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Agile - Manifesto
61 Lectures 1 hours
In February 2001, at the Snowbird resort in Utah, 17 software developers met to discuss lightweight development methods. The outcome of their meeting was the following Agile Manifesto for software development −
We are uncovering better ways of developing software by doing it and helping others do it. Through this work, we have come to value −
- Individuals and interactions over Processes and tools
- Working software over Comprehensive documentation
- Customer collaboration over Contract negotiation
- Responding to change over Following a plan
That is, while there is value in the items on the right, we value the items on the left more.
Twelve Principles of Agile Manifesto
Customer Satisfaction − Highest priority is given to satisfy the requirements of customers through early and continuous delivery of valuable software.
Welcome Change − Changes are inevitable during software development. Ever-changing requirements should be welcome, even late in the development phase. Agile processes should work to increase customers' competitive advantage.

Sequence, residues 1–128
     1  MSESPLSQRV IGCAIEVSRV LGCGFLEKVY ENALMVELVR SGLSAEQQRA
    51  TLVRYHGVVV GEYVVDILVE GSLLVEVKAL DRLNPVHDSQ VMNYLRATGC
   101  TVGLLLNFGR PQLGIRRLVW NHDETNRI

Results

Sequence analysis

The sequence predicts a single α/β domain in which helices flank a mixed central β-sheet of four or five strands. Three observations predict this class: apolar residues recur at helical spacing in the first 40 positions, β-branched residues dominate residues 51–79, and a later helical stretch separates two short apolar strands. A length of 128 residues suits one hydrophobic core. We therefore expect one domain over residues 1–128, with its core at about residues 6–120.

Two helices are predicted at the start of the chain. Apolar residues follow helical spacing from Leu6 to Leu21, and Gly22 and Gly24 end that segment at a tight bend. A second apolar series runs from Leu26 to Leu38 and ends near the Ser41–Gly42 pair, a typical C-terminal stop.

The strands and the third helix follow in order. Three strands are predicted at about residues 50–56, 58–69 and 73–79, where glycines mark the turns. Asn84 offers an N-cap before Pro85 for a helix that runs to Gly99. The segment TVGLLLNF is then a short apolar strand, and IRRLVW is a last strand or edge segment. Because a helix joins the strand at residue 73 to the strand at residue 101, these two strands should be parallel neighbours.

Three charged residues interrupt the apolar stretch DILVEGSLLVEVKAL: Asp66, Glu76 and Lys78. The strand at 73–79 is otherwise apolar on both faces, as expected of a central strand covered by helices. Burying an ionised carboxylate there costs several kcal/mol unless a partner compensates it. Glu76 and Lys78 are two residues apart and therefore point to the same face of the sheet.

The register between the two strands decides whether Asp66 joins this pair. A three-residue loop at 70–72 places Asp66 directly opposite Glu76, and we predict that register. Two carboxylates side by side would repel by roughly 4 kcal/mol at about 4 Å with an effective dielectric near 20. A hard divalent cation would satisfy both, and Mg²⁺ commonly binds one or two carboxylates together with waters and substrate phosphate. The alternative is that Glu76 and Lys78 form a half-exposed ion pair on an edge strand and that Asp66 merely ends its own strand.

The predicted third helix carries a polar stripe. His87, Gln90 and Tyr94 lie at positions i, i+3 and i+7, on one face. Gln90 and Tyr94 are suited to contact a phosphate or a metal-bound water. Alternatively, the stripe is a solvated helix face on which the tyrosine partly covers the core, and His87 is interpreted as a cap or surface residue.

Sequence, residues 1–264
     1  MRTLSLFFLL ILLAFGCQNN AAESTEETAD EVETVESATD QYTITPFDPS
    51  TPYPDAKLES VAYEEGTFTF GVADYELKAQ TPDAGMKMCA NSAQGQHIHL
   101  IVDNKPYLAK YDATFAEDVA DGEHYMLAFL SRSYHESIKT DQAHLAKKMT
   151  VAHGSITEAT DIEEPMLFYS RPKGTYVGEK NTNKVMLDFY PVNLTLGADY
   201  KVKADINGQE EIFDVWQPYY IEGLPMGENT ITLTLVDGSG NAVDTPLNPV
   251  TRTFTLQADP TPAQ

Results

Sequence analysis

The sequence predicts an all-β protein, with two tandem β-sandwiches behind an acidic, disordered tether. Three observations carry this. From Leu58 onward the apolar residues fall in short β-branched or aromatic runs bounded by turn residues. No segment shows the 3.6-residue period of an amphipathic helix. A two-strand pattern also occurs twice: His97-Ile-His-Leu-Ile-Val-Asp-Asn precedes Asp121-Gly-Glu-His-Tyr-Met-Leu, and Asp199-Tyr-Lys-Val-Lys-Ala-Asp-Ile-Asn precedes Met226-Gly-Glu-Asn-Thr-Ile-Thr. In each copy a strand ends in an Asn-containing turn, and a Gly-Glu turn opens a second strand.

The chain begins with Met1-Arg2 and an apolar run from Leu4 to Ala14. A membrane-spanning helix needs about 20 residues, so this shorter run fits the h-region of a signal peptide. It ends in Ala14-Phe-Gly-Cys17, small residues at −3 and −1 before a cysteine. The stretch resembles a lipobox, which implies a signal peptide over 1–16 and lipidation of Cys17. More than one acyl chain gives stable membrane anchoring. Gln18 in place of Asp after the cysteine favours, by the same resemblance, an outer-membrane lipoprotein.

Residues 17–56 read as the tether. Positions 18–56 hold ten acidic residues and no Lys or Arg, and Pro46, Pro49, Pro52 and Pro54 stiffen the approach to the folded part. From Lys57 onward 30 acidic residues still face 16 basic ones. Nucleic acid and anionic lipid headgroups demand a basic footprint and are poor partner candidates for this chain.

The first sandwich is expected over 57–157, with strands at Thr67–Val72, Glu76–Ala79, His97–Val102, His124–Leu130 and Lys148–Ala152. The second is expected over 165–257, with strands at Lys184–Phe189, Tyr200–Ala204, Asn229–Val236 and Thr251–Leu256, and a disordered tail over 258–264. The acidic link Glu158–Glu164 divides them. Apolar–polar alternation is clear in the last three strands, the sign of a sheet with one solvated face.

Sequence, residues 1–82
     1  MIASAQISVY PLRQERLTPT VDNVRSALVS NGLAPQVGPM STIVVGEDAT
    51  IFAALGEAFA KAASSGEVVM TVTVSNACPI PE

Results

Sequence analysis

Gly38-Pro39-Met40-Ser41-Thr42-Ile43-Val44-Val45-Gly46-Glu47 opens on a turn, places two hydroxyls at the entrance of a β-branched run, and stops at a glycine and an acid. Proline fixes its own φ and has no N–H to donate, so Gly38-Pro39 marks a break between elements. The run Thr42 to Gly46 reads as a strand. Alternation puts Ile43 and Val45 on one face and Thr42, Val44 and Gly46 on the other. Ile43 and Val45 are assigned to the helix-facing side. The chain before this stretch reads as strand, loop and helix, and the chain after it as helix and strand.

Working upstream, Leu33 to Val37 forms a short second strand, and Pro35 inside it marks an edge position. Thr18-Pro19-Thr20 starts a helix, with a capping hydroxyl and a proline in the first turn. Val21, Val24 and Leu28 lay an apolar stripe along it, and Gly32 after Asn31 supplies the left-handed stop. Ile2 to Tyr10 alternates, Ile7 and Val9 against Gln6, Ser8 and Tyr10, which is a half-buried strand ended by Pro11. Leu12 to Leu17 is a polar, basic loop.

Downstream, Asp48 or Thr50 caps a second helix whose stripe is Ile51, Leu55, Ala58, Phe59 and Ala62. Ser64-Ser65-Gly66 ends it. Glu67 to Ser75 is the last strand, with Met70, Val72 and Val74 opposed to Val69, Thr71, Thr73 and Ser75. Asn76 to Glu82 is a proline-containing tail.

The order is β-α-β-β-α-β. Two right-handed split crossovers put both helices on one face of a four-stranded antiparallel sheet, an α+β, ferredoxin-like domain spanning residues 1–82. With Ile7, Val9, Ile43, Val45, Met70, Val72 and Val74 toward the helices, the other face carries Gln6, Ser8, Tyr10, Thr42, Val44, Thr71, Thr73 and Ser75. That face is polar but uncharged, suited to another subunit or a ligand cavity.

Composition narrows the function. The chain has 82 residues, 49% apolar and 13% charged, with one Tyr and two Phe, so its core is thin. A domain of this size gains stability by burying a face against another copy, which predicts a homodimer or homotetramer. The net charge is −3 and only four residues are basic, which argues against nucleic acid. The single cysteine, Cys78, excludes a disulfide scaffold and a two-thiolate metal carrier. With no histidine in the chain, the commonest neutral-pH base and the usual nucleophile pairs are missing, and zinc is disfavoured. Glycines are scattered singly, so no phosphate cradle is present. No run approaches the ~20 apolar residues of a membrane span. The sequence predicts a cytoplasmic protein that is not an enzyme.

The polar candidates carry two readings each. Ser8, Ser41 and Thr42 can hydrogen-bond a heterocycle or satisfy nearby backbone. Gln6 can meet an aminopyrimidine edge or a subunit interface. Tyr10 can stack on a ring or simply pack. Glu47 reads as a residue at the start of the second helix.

Deliver a Working Software − Deliver a working software frequently, ranging from a few weeks to a few months, considering shorter time-scale.
Collaboration − Business people and developers must work together during the entire life of a project.
Motivation − Projects should be built around motivated individuals. Provide an environment to support individual team members and trust them so as to make them feel responsible to get the job done.
Face-to-face Conversation − Face-to-face conversation is the most efficient and effective method of conveying information to and within a development team.
Measure the Progress as per the Working Software − Working software is the key and it should be the primary measure of progress.
Maintain Constant Pace − Agile processes aim towards sustainable development. The business, the developers, and the users should be able to maintain a constant pace with the project.
Monitoring − Pay regular attention to technical excellence and good design to enhance agility.
Simplicity − Keep things simple and use simple terms to measure the work that is not completed.
Self-organized Teams − An agile team should be self-organized and should not depend heavily on other teams because the best architectures, requirements, and designs emerge from self-organized teams.
Review the Work Regularly − Review the work done at regular intervals so that the team can reflect on how to become more effective and adjust its behavior accordingly.